USSB Commits to HDTV Launch

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U.S. Satellite Broadcasting said last week that it will
offer its subscribers a high-definition television feed from Home Box Office as soon as
it's available early next year.

According to Stanley E. Hubbard, president and CEO of USSB,
the direct-broadcast satellite provider has leased one transponder from DirecTv Inc. at 95
degrees west longitude. Hubbard would not disclose terms of the lease.

DirecTv is a tenant of PanAmSat Corp. on the Galaxy III-R
bird at 95 degrees. Both Digital Satellite System providers will use the new
fixed-satellite orbital location to provide a new platform from which to deliver HDTV
programming.

DSS subscribers would need larger, elliptical dishes to
receive the HDTV signals from DirecTv and USSB, as well as new, HDTV-compatible DBS
receivers. Some companies, including Thomson Consumer Electronics, have agreed to build
the new DSS-II receivers directly into their HDTV sets.

Starting later this year, USSB and DirecTv will deliver a
joint promotional feed to send HDTV signals for display in retail showrooms. USSB will
deliver a consumer HBO HDTV feed as soon as HBO makes it available -- likely late next
winter or early the following spring.

Hubbard said there's no question that USSB stands to
gain some incremental subscribers once it launches an HDTV feed. But USSB's main
purpose, he added, is to work with DirecTv to "continue to lead in the introduction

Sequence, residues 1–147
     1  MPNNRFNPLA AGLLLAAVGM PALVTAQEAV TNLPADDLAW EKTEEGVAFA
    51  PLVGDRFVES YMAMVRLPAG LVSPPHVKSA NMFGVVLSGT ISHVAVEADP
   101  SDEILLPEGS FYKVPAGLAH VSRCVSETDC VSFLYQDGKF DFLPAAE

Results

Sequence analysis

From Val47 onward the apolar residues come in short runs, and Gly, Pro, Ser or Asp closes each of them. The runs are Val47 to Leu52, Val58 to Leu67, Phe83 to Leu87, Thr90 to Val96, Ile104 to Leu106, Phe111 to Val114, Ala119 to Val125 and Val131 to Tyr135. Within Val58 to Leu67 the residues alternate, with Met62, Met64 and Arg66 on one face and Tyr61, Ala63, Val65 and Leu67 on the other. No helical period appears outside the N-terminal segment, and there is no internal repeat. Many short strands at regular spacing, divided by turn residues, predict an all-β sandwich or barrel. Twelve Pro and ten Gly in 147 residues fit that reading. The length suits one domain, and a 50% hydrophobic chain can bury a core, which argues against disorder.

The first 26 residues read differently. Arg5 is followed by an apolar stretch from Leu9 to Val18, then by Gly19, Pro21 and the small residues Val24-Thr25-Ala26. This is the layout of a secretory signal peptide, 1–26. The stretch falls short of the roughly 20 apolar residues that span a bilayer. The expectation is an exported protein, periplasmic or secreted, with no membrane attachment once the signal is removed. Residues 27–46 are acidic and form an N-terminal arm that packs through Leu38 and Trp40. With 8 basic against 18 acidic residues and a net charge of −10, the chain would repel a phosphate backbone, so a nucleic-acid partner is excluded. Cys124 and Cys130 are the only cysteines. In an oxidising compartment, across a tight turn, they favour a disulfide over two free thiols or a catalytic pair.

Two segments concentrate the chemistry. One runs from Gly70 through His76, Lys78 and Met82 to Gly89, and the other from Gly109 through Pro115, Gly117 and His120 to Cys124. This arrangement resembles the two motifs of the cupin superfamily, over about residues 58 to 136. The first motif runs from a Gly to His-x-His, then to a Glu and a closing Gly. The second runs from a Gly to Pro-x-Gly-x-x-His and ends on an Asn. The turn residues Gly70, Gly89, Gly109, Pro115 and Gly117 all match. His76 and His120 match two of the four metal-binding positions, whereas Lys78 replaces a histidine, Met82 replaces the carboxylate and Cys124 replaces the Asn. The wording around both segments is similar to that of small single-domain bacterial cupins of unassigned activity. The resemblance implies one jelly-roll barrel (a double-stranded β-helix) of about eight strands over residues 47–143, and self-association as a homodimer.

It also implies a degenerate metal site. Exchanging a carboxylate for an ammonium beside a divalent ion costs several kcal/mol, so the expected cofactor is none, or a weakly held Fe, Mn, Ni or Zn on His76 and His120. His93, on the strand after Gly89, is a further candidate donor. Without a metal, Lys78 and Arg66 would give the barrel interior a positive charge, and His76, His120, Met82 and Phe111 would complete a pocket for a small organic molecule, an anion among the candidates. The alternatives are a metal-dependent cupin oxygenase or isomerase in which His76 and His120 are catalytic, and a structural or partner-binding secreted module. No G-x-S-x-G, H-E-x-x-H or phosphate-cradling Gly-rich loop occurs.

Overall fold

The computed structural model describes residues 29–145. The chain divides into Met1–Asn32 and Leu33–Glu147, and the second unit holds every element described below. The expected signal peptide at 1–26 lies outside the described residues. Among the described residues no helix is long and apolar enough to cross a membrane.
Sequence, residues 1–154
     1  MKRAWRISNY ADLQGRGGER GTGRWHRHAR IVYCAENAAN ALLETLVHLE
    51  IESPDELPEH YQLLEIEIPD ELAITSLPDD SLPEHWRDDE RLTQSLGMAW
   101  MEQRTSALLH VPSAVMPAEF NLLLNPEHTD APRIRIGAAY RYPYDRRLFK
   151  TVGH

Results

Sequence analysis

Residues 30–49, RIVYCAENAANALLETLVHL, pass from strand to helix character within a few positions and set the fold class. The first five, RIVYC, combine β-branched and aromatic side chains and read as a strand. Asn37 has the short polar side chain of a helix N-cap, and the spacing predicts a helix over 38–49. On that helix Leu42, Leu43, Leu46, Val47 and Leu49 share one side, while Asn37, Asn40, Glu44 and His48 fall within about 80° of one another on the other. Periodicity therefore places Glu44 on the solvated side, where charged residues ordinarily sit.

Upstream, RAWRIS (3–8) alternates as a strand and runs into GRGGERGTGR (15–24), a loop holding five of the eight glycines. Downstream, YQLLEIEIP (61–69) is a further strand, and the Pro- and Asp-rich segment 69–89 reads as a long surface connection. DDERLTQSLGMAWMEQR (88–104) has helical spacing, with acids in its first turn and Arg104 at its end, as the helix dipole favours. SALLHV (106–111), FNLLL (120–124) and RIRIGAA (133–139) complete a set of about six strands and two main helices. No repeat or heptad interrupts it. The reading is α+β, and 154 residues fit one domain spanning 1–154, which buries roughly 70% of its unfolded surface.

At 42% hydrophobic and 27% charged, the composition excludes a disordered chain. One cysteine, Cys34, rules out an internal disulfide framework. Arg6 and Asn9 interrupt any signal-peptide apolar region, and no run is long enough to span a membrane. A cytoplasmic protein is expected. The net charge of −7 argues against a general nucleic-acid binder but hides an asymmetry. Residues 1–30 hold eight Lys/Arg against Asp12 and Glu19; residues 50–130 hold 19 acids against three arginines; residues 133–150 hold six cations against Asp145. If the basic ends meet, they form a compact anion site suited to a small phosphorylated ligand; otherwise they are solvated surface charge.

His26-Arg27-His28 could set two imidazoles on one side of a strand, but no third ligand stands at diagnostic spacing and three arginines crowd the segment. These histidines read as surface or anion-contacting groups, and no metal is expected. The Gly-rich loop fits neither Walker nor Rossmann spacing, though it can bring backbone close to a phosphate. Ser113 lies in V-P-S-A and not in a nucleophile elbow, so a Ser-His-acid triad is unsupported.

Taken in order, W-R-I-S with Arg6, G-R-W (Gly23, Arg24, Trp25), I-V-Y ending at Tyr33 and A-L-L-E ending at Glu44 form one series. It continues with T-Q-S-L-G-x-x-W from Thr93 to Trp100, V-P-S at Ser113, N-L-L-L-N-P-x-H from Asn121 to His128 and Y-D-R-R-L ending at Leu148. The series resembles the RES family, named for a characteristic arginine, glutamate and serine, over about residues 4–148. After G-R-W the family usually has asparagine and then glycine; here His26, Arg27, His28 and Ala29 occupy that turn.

of all digital television," including HDTV.

In January, DirecTv announced that it will devote channel
capacity to HDTV pay-per-view programming.

USSB has not yet announced its pricing structure for the
new HBO feed. "It's possible that we won't charge extra at all,"
Hubbard said.

HBO has said that it won't charge its distributors
extra to deliver an HDTV feed as long as they don't ask for any more from their
subscribers.

Bob Zitter, senior vice president of technology operations
at HBO, said any HBO distributor will be allowed to add the new HDTV feed the same way
that they can deliver any of its other multiplex feeds.

Zitter said a number of other cable and DBS affiliates have
indicated that they intend to carry HBO's HDTV feed.

On the DBS side, EchoStar Communications Corp. is already
running HBO high-definition test tapes over satellite, and PrimeStar Inc. displayed a
high-definition HBO signal at its booth at the Satellite Broadcasting & Communications
Association trade show in July.

HBO has no plans to multiplex an HDTV feed, Zitter said.

USSB has not yet said whether it will lease other HDTV
transponder space to add other premium-movie services. Showtime Networks Inc. is expected
to announce its plans for HDTV sometime soon, but it declined to say any more last week.

DirecTv carries Starz! and Encore for the mainstream DSS
platform. John Sie, chairman and CEO of Encore Media Group, said he has no plans to
deliver an HDTV feed in a wide-screen, 16-by-9 format, as opposed to the 4-by-3 ratio used
now.

"I have a fundamental problem with 16-by-9," he
added.

Instead, Encore will work to improve the resolution of its
picture and to allow new digital TVs to upconvert the signals even further.

"We'll deliver a 4-by-3 aspect ratio,
high-resolution television picture with 5.1-channel digital surround sound that will knock
people's socks off," Sie said.

Encore plans to offer movies in Dolby Digital surround
sound starting in November, Sie added.

Although it won't have the capability to do so at its
launch early next year, HBO plans to copy-protect its HDTV signals as soon as a standard
is developed and the compatible hardware is introduced, Zitter said.

The copy-protection system would allow HBO subscribers to
tape HDTV programming once for their own time-shifting purposes, but it would prevent
potential pirates from making multiple copies.

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